Rec­om­men­da­tions for a heart-healthy diet in­clude re­duc­ing salt and in­cor­po­rat­ing potas­sium-rich foods such as ba­nanas, pota­toes, av­o­ca­dos and dark leafy veg­eta­bles. Los­ing weight, quit­ting cig­a­rettes, cut­ting back on al­co­hol and in­creas­ing phys­i­cal ac­tiv­ity also help heart health.

A physi­cian will de­ter­mine a per­son’s risk fac­tors and treat­ment op­tions, Grif­fin said. Most peo­ple con­sid­ered newly hy­per­ten­sive will not need medicine.

He and Ca­p­ati said there are mul­ti­ple anti-hy­per­ten­sive drugs avail­able for those who do need them, in­clud­ing low-cost, generic di­uret­ics, beta block­ers and cal­cium chan­nel block­ers. Grif­fin said side ef­fects of medicines can be com­pen­sated for, such as the mus­cle aches and cramps that can oc­cur with di­uret­ics. Peo­ple at greater risk, such as those with di­a­betes, a prior stroke or prior heart at­tack, should con­sider more ag­gres­sive treat­ment, in con­sul­ta­tion with their health provider.

“Work with your physi­cian to make sure that you mit­i­gate side ef­fects,” Grif­fin said. “It’s a part­ner­ship with your doc­tor.”

The new blood pres­sure guide­lines — in the works for about three years and based on hun­dreds of stud­ies and clin­i­cal tri­als — don’t sug­gest a mas­sive in­crease in the num­ber of peo­ple who will need to take med­i­ca­tion to con­trol hy­per­ten­sion.

Of the es­ti­mated 14 per­cent more adults to be clas­si­fied with high blood pres­sure, about 1 in 5 will need med­i­ca­tion, ac­cord­ing to Dr. Paul Whel­ton, who chaired the guide­line writ­ing com­mit­tee. But tak­ing into ac­count the over­all pop­u­la­tion of adults who now will have hy­per­ten­sion, the guide pre­dicts only a small per­cent­age more should be pre­scribed medicine for it, com­pared with the pre­vi­ous rec­om­men­da­tions re­leased in 2003.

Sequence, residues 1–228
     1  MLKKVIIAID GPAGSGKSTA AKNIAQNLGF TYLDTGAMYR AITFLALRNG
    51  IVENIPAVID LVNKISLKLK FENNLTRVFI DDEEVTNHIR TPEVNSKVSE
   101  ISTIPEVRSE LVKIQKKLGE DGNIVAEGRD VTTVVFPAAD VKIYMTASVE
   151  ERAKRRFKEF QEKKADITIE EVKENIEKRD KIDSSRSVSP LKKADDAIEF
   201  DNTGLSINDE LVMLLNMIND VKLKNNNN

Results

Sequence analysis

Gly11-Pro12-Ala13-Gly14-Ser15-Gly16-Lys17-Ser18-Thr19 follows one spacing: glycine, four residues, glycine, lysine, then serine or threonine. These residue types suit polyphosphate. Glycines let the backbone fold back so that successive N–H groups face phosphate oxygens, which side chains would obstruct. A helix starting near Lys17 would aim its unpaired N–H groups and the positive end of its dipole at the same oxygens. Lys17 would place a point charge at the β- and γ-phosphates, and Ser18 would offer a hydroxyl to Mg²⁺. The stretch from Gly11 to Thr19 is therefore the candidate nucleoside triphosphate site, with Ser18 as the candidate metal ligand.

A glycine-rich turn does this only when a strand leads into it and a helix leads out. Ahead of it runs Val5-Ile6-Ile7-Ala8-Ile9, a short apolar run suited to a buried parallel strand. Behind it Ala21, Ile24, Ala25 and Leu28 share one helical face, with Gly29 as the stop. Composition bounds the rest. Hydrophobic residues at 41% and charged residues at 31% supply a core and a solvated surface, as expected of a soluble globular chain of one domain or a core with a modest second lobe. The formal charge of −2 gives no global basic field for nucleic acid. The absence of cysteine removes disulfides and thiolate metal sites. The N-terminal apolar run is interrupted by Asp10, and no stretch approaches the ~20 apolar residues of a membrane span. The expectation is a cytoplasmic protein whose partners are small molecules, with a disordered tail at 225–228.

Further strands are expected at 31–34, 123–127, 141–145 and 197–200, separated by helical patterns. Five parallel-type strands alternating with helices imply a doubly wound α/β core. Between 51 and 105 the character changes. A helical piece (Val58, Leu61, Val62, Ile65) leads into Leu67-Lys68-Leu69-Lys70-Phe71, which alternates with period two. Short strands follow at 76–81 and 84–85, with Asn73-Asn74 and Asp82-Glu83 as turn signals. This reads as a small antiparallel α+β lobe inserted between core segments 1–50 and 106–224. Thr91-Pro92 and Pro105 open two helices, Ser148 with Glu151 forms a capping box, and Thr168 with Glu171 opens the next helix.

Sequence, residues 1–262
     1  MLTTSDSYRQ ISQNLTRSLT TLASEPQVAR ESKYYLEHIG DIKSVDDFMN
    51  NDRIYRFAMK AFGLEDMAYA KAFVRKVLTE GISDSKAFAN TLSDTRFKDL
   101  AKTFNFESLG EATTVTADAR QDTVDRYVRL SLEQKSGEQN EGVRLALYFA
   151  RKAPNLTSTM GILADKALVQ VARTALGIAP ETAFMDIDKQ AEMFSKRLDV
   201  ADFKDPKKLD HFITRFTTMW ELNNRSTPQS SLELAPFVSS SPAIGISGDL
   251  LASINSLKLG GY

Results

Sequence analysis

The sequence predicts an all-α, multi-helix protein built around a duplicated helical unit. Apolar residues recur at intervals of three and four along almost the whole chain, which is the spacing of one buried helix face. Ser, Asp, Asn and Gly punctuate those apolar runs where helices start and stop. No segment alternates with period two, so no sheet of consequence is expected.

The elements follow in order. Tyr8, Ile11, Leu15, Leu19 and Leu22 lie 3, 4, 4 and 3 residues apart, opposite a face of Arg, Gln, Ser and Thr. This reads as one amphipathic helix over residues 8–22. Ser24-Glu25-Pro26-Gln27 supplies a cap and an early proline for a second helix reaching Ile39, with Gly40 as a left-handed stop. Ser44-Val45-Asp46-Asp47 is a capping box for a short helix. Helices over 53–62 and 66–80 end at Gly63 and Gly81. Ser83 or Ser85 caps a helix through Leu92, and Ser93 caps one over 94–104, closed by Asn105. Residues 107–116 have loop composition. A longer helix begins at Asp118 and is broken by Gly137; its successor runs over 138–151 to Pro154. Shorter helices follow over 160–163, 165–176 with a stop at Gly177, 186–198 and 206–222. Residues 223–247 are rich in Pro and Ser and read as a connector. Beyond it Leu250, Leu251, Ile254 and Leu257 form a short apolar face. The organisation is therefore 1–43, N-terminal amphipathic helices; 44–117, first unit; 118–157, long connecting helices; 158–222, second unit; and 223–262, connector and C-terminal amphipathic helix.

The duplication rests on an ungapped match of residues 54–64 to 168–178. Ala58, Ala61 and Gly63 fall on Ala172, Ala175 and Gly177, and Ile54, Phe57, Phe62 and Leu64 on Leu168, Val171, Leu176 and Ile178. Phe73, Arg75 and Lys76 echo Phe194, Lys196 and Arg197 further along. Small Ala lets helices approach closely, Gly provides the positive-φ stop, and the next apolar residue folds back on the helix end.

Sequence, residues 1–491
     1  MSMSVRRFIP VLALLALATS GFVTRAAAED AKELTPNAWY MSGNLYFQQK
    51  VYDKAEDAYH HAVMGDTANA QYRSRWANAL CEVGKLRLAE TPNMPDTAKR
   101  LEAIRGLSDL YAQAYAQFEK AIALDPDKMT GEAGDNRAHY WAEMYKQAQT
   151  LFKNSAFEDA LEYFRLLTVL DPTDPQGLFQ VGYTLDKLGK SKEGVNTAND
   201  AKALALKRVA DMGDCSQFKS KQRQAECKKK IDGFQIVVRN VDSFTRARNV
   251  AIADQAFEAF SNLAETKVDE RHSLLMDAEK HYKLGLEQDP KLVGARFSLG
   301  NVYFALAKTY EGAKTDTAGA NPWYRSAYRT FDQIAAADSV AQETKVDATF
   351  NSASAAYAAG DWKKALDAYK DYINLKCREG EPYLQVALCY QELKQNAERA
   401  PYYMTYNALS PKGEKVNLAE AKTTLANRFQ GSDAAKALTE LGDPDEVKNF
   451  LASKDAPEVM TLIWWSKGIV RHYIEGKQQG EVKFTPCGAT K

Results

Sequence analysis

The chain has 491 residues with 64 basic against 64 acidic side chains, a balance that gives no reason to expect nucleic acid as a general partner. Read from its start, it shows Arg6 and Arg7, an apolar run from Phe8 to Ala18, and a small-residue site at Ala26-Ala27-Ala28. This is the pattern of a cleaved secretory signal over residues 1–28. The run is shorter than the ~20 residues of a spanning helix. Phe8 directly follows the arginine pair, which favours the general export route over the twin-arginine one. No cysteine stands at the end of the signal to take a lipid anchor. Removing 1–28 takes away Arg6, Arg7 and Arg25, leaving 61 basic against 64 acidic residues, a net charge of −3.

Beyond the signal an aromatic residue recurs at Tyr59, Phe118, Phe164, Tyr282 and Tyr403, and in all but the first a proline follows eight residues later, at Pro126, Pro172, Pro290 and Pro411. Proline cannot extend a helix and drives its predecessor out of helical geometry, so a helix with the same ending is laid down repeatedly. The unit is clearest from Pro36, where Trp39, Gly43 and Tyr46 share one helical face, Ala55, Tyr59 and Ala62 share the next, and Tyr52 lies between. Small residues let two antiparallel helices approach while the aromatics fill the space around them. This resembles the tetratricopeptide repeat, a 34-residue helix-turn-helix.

The new guide­lines, pub­lished in the AHA’s journal Hy­per­ten­sion, em­pha­size that doc­tors need to fo­cus on a whole frame­work of health­ier life­style changes for pa­tients.

“We need to send the mes­sage that yes, you are at in­creased risk and th­ese are the things you should be do­ing,” said Whel­ton, chair­man of global pub­lic health at Tu­lane Univer­sity in New Or­leans. “I’m not say­ing it’s easy to change our life­styles, but that should be first and fore­most.”

Ca­p­ati said blood pres­sure also isn’t a one-time check. Rather, physi­cians watch for a pat­tern of high read­ings.

Of­ten called the “si­lent killer” be­cause there can be no ob­vi­ous symp­toms, hy­per­ten­sion ac­counts for more heart dis­ease and stroke deaths than al­most all other pre­ventable causes. It’s sec­ond only to smok­ing.

And is it your blood pres­sure — or the doc­tor?

“White coat syn­drome” hap­pens when pa­tients get stressed into high blood pres­sure when at the doc­tor’s of­fice.

Ca­p­ati said if a pa­tient keeps a home blood pres­sure log it can help the physi­cian know if white coat syn­drome is a fac­tor.

“It’s a real thing,” she said. “It re­ally does hap­pen.”

GRIF­FIN

HOLLYN JOHN­SON/Tri­bune-Her­ald

A blood pres­sure cuff is shown here.

Newspapers in English

Newspapers from USA

© PressReader. All rights reserved.